This question turns out now and then on forums, Facebook, and so on. Since I got tired of writing always the same things, I decided to write my suggestions here once for all.
As usually, with this kind of questions, everything depends on your starting point (are you a beginner? an amateur?) and your target (do you want to do web development? Contribute to open source projects? Program small devices like STM32?). Usually who asks this question is a beginner and does not say anything about specific goals, therefore usually I assume that the objective is to get some “culture” in this field. The answer that follows is written with this generic objective in mind.
Step 1 : learn to program (simplicity is the key)
If you have no experience in programming at all, I will suggest starting with something simple, in order to learn how to program before actually learning a language.
Yes, because “learning to program” is not the same of “learning a programming language.” Learning to program means learning how to decompose a problem into smaller problems and specify a procedure to solve them. Knowing how to do this is a skill that is independent on the specific language and somehow on a higher level than knowing programming languages. You can write programs without even having a PC, but just pen and paper.
Ada Lovelace, daughter of Lord Byron (yes, that Byron!), is considered the first programmer in history because of her notes to the article on the Analytical Engine designed (but never built) by Charles Babbage, a kind of computer of ‘800, but with the register made with gears and powered with steam… (I would suggest reading the Ada Lovelace article, it is very interesting)
Of course, even for learning the skill of programming a language is necessary, but I would stay on something simple.
A language that was suited for beginners, in my opinion, was BASIC. It was fairly popular in the ’80 when every home computer had some kind of BASIC interpreter built-in. Although simple, it had all the necessary features and one could write quite complex stuff with it, although the resulting code was not very maintainable. An advantage of BASIC was that it was interpreted: you could write a single command and having it executed immediately, without the need of an IDE.
Since BASIC is much less popular nowadays, I think that C is another good choice as a starting point since it is fairly simple. C is also quite low-level, giving you visibility of some machine level stuff like pointers and stack and this is useful because it gives you a sensibility about what happens “under the hood” even with other languages. (I find that this kind intuition helps me a lot when I learn a new language). Be sure to learn even all the tiny, obscure details of C such as pointers, struct, unions, functions with variable argument list (such as printf).
Also with C you will learn about macro expansion, a methodology used in several places and that requires a mindset slightly different from the one used in imperative languages like C. To be honest, I do not love macro expansion since it is quite error-prone and it can make the code less readable, but there are context where it is useful.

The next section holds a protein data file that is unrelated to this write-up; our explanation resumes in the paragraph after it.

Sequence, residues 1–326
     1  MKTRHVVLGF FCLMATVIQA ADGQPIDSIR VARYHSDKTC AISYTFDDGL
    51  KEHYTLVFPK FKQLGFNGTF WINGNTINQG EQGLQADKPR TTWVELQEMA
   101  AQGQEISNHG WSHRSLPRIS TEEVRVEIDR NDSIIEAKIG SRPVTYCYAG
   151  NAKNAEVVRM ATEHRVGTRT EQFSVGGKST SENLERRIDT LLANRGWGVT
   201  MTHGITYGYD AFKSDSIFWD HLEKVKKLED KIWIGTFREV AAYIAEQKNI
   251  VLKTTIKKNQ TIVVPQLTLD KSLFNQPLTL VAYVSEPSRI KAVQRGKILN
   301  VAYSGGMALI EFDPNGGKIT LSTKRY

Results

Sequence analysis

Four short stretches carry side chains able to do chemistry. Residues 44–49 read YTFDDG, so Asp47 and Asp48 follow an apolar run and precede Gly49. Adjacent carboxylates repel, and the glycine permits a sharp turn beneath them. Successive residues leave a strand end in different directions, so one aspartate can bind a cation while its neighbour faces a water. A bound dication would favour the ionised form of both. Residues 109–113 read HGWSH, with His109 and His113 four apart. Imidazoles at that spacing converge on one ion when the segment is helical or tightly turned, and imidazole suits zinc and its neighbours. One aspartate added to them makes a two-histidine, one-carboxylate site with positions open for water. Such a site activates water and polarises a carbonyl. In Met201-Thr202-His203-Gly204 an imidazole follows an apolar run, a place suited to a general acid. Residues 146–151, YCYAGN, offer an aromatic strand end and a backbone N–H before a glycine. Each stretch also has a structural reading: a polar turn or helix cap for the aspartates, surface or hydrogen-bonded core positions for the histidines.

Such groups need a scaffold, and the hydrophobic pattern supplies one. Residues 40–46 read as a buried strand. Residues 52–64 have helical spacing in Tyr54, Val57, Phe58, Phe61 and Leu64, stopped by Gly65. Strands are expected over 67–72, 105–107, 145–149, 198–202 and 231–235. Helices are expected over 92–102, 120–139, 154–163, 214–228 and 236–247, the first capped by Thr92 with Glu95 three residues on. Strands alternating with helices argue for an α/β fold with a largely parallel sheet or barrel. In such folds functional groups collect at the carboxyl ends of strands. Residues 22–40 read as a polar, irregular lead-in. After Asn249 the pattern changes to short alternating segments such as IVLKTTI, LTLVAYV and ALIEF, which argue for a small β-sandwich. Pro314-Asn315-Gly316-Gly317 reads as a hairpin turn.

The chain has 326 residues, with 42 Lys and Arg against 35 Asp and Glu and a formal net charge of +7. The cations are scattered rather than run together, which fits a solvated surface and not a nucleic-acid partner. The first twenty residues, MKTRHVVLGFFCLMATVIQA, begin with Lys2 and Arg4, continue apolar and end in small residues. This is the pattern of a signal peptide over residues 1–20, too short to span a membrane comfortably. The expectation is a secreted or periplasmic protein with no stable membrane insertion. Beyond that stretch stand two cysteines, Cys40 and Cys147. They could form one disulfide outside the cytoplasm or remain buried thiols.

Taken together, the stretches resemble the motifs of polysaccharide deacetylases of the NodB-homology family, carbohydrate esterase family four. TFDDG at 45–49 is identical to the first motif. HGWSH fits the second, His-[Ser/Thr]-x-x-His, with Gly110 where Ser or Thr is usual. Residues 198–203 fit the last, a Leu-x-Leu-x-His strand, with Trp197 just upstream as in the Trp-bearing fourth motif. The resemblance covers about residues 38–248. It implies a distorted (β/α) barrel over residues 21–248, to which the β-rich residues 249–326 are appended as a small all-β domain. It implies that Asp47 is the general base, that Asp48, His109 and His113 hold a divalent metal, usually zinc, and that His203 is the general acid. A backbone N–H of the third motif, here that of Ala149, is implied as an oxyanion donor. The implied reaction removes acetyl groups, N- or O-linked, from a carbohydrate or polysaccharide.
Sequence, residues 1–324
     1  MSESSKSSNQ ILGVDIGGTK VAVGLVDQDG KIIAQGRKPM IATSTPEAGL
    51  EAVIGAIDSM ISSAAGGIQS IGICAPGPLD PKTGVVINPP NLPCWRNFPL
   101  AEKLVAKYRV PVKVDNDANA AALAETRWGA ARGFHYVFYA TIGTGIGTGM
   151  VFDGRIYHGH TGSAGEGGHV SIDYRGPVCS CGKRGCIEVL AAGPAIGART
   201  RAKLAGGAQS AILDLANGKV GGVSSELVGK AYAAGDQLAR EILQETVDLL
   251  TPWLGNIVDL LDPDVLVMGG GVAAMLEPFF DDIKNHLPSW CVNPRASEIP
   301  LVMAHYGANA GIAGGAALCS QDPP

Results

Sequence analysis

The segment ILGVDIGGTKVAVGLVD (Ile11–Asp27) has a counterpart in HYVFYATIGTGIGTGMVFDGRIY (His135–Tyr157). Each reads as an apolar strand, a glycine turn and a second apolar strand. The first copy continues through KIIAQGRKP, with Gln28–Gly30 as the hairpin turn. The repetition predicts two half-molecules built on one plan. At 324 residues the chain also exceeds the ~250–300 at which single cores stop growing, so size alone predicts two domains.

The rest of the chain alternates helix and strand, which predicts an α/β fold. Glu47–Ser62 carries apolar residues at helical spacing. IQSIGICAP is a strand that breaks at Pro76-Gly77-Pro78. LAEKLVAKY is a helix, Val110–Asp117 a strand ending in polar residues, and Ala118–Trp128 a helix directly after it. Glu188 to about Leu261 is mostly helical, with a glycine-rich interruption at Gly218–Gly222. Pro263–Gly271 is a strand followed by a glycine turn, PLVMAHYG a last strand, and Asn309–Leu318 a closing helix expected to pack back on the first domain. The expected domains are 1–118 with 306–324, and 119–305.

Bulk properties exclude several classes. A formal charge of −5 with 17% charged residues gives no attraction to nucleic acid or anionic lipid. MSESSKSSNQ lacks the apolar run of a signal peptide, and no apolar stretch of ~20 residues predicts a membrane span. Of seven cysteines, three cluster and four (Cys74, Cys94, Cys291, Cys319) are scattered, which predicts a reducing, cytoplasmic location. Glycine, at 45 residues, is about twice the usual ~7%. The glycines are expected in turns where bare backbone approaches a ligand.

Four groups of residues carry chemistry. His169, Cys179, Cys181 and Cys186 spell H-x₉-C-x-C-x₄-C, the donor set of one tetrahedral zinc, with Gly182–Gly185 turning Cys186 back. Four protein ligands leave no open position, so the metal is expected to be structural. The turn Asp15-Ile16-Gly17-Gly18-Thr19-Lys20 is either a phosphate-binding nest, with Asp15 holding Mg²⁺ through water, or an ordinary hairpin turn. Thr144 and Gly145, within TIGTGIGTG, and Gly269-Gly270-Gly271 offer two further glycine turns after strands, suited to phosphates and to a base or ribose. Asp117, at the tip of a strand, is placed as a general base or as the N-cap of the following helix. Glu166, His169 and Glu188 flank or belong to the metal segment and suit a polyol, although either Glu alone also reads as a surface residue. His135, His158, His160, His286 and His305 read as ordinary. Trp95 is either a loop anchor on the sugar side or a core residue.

Second step: best practices & OOP with Ada
Since object-oriented programming (OOP) is widely diffused and fashionable, as a second language many would suggest C++ or Java. However, I am going to be heretic and suggest Ada. Beyond allowing OOP, it is a modern language, very powerful with strong emphasis on correctness and maintainability. It can introduce you also to stuff that it is not common in other languages such as contracts, type invariants and formal checking. Studying it you will learn some “good practices” in programming that will be useful even with other languages.
Since Ada is not widely used, finding information in the network is not easy. Few useful links: you can get an open-source, gcc-based compiler here: http://libre.adacore.com/. For an introduction to the language see the Adacore University, for an easy reference see the Wikibook, for a mix of resources see the Ada Information Clearinghouse (where you can find the reference manual) and the site of Adacore. Finally, you can meet other Ada-ists on the usenet group comp.lang.ada and on some LinkedIn groups.
Now you have the most important basics
Once you have a good experience of C and Ada, learning other languages is just a matter of learning a new syntax and maybe one or two new concepts. I, for example, learned Ruby in few hours just using a tutorial. In the end, most of the current languages are very similar one another.
Polishing it : Ruby/Python and assembly
Finally, to round everything up, I would suggest, as the cake icing, a scripting language like Ruby or Python and maybe some assembly. It is true that assembly is not used much nowadays (although it depends on your context), but some experience of assembly will give you some good understanding of what happens “under the hood.” Moreover, it is so much fun to go so close to the processor that you can almost feel the silicon... :-)
Strange stuff: functional languages, PROLOG, ….
If you really want the widest view, you can also try some fancy stuff like functional languages (Eiffel, Haskell, … even LISP) and logic programming stuff like PROLOG. Those languages have a “model” that is different from the usual “procedural” model. I did not see them used too much and I wonder if they are suited for very large scale and very long lived software, but it is useful to know that they exist and how they work.
Conclusions and final remarks
I hope that you found this useful or that, at least, gave you some ideas about programming. A final suggestion: my experience is that the best way to learn a new language is to use it. After you got acquainted with the syntax, choose a project of intermediate difficulty (even a silly one, it does not necessarily need to be useful) and do it (and, possibly, have fun…)